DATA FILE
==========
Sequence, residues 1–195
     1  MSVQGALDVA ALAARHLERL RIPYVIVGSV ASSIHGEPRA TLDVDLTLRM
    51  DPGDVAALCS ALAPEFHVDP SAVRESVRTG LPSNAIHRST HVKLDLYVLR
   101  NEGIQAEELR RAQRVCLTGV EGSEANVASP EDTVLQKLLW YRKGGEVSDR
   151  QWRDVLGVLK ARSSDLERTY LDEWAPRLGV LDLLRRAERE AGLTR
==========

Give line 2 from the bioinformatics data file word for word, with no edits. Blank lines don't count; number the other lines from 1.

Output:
     1  MSVQGALDVA ALAARHLERL RIPYVIVGSV ASSIHGEPRA TLDVDLTLRM